GoldenEye: The Bungee Jump
All James Bond movies show off impressive, elaborate stunt work; GoldenEye, namely its opening sequence, took things to a whole different level. In explanation, the scene is relatively simple: It’s a really long bungee jump from atop a dam. But stuntman Wayne Michaels could’ve died pretty easily during the shot (i.e., smacking against the wall at some point on the way down). And he set an all-time record for bungee jumping from a fixed object. And on-set anxiety. And audience amazement. Oh, and at the end of the jump, he manages to fire a gun, as seen in the movie. Not too shabby.
Speed: The Bus Jump
Pop quiz, hotshot: There's a bomb on a bus. Once the bus goes 50 miles an hour, the bomb is armed. If it drops below 50, it blows up. What do you do? What do you do? ! Answer: Whatever is necessary to keep the bus a-chuggin’, including jumping a 50-foot gap in the freeway. Stunt-wise, this sequence in the 1994 Keanu Reeves vehicle (hehe) is the film’s climax, and director’s Jan de Bont’s setup and execution are pretty damned thrilling, even for the most silly-stunt-jaded moviegoers among us. Never mind the fact that Mythbusters – and logic – totally disproved this stunt’s plausibility!
Jackie Chan’s Entire Career
His acting is often the butt of his movies’ joke – at least his American offerings, in which he’s typically paired with cinematic opposites, like the fast-talking Chris Tucker (Rush Hour franchise) and slow-talking Owen Wilson (Shanghai movies) – but Jackie Chan’s stunt work is seriously amazing. Throughout his nearly 40-year career, Chan has performed most of his own stunts, oftentimes at the risk and expense of his well-being … and insurance from studios! Say what you will about the latter part of his career and the so-called watering down of his stunts – if there were a lifetime-achievement Oscar for actors who perform their own stunts (perhaps with a catchier category name), Chan would win. He’ll probably just have to settle for the Taurus version of that award, though, which he won in 2002.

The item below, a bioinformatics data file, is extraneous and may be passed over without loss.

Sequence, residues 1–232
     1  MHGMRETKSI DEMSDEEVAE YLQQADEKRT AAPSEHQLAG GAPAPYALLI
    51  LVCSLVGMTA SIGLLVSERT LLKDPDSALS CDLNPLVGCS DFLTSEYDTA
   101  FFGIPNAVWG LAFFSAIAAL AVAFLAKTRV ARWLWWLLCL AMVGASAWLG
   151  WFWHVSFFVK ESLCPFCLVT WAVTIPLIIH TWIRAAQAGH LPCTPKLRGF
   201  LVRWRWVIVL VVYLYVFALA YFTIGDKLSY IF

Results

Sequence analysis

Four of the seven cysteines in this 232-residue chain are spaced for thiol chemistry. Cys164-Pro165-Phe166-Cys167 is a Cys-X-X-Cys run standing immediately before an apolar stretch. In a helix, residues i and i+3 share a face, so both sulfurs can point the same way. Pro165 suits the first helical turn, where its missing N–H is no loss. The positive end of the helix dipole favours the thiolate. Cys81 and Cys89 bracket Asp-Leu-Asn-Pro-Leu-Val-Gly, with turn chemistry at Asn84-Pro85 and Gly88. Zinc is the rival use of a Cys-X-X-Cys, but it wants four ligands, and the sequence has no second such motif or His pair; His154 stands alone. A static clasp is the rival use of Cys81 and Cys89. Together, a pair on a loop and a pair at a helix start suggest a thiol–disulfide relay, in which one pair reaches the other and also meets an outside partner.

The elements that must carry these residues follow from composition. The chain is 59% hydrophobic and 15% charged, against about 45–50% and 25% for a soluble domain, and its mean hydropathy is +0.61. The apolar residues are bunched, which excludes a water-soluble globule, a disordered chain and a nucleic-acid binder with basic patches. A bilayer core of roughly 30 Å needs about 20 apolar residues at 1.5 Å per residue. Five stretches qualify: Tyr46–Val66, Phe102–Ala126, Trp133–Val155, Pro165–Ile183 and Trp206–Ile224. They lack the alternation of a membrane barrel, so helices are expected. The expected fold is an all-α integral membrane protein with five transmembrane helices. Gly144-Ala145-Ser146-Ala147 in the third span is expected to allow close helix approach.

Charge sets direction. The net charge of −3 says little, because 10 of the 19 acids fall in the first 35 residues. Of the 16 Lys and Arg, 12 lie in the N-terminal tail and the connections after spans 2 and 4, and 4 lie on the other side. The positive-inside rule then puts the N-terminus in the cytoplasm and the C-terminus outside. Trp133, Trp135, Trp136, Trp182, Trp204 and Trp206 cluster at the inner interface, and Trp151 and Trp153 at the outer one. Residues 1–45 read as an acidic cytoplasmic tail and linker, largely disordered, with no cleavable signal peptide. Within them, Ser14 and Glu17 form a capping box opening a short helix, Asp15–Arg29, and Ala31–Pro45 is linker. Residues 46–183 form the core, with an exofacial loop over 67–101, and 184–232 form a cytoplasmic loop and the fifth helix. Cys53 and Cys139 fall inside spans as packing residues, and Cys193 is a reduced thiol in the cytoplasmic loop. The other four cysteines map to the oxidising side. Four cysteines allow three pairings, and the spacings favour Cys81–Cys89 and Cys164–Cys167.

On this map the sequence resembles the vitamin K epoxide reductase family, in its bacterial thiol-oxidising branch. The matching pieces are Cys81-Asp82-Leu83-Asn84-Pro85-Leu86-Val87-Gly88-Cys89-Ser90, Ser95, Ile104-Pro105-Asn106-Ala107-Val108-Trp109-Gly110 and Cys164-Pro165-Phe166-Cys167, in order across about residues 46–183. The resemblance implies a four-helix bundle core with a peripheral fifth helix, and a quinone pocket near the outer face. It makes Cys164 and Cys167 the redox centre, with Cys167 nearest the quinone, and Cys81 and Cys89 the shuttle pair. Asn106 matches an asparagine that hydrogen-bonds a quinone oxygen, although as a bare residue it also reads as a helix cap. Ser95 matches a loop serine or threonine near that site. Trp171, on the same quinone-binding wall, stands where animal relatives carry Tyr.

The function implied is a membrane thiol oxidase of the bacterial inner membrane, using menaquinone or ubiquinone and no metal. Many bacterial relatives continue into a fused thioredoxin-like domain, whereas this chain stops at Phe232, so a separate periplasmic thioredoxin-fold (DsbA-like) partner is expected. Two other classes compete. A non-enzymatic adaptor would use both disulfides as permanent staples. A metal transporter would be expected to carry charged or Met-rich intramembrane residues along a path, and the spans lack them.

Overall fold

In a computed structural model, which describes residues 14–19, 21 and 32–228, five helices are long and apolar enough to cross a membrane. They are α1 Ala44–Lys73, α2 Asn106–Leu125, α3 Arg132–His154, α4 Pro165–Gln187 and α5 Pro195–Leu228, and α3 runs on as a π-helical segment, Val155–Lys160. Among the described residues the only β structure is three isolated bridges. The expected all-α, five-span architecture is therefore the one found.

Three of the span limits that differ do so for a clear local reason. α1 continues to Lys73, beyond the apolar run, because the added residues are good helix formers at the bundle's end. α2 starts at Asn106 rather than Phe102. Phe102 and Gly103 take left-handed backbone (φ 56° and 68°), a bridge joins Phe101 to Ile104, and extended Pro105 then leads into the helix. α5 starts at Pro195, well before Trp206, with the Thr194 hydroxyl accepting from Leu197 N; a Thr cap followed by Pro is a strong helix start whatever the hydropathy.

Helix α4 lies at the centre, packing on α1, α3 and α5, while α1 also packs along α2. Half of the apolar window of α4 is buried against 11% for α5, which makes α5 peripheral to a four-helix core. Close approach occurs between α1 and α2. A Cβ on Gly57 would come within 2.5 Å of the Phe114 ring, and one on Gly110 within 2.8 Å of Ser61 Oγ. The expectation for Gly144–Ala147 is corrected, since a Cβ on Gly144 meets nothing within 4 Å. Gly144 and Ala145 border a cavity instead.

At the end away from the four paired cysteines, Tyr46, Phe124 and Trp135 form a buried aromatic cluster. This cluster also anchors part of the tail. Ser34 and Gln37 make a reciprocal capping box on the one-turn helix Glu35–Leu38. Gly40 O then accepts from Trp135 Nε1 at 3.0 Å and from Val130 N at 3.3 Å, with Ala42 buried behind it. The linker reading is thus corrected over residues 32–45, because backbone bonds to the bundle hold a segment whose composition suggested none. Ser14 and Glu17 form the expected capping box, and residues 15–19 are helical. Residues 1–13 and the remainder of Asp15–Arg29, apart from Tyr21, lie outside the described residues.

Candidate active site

Raiders of the Lost Ark (1981)
Steven Spielberg movies might be worthy of a Best Stunts of All Time list all their own, and Raiders could almost have ITS own list, but one sequence does tend to stand out in the Indiana Jones classic: Indy’s – er, Harrison Ford’s stunt double’s – improbable takeover of a truck … via horse.
The Blues Brothers (1980)
“You want outta this parking lot? OK.” Needless to say, Dan Aykroyd’s Elwood doesn’t follow that classic line up with a conventional exit but rather a, uh, longcut through a Toys ‘R’ Us, then a crowded mall, leaving the pursuing cops in his and Jake’s retail dust – and creating quite possibly the best-ever stunt sequence in a comedy.
One of the earliest examples of amazing stuntsmanship, this Charlton Heston Oscar sweeper featured the iconic chariot-race sequence, which required thousands of extras, the largest film set ever built and many weeks for fill-in director Andrew Marton to shoot. The result speaks for itself.
Vanishing Point (1971)
With all the ridiculous, over-the-top car stunts executed in this aforementioned Tarantino fave, it’s basically a made-for-videogame movie – you know, long before that really became a thing.
Bullitt (1968), Dirty Mary, Crazy Larry (1974)
See Vanishing Point, above.